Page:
Quietly, one of Kansas City’s chief law enforcement officials, prosecutor Michael Sanders, has been scaling back the drug war in Jackson County.
In the three years that Sanders has been in office, he has filed fewer and fewer drug cases. In 2002, the year Sanders was elected, the prosecutor’s office filed 2,333 drug cases. Last year, his office filed 1,882. And a sure sign that something has changed can be seen in the significant shrinking of Jackson County’s much-heralded drug court. In 2000, 635 people entered the court, which has been hailed as a model program by jurisdictions around the country.
But last year, only 430 defendants entered the system.
When the Pitch asked Sanders about the numbers, he acknowledged that the change is not an indication that drug abuse has dramatically decreased in Jackson County. Instead, what has changed is his definition of which cases are worth prosecuting.
“I think our society is beginning to take a serious look at the war on drugs,” Sanders says.
When Jackson County’s drug court was established in 1993, it was one of the first in the country that allowed people accused of relatively minor felony drug offenses to avoid convictions or prison time by sticking to counseling regimens and by staying clean and holding steady jobs. It has been a strong selling point for the COMBAT anti-drug tax, which generates about $20 million a year from a special sales tax that was renewed by voters in 2003. The court’s six graduation ceremonies a year regularly provide upbeat photo opportunities for the local media, a contrast to coverage focusing on squabbles over the court’s service contracts, which have prompted a lawsuit and accusations of patronage.
But what has received less attention is that the highly touted court is seeing fewer people.
Brian Wimes, the drug court commissioner, says more participants are graduating than in past years. In 2000, 76 people graduated from the court. Last year, there were 94 graduates.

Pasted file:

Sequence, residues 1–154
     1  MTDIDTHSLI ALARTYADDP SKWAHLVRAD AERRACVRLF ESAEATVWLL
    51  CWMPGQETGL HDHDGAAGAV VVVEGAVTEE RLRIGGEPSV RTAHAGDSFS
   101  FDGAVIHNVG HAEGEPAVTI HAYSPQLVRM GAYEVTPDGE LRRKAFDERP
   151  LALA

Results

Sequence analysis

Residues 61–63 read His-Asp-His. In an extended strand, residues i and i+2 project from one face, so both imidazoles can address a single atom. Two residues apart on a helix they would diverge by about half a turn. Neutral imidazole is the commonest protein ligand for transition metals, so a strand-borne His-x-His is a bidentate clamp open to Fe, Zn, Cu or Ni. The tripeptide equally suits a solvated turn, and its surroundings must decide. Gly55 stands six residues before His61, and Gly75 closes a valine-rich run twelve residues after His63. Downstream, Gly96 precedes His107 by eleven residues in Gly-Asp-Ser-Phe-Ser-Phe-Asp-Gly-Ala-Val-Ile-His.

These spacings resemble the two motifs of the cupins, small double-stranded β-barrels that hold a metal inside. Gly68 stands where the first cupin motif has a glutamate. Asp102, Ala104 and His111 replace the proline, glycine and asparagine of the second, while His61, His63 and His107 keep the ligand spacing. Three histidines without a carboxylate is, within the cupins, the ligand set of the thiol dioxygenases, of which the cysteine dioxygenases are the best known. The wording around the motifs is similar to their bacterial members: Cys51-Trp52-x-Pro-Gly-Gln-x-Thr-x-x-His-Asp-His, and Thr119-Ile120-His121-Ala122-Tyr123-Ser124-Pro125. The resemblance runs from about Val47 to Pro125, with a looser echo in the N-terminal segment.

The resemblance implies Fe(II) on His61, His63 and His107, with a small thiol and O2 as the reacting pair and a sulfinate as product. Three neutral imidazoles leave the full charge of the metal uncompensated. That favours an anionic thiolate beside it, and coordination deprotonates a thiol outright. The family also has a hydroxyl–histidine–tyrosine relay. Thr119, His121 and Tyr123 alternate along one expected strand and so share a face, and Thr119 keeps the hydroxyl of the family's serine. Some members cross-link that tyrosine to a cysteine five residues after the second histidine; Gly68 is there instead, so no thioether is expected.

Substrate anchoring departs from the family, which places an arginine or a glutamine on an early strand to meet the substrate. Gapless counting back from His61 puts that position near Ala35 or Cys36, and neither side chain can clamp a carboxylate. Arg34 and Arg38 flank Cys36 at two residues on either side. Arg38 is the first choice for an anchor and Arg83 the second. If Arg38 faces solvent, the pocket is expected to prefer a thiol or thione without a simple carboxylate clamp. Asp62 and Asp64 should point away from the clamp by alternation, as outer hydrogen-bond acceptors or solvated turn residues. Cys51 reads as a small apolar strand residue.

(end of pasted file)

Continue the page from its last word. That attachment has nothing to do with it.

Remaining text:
But Wimes acknowledges that his docket has shrunk. He says Sanders’ office is responsible for who comes through his courtroom door. “I have to rely on the prosecutor’s office,” Wimes says. “They are the gatekeepers of drug court.”
Though Sanders periodically talks about expanding the court, his office has referred fewer cases to Wimes.
Sanders says he is prosecuting fewer drug cases overall, including the minor possession cases brought against people who would qualify for drug court. “As an office, we are filing fewer and fewer drug cases in the entire county,” Sanders says.
Sanders says the change is part of a general trend away from zero-tolerance enforcement as the main tool in fighting drug abuse. He says aggressive treatment has been shown to be more effective in getting people out of the drug culture. “It’s cheaper, and it has a more long-term effect and a better effect.”
The philosophy would seem to warrant sending as many people as possible through the heavily monitored drug court.
But Sanders says that for minor possession offenses, drug court hasn’t proved to be the best option.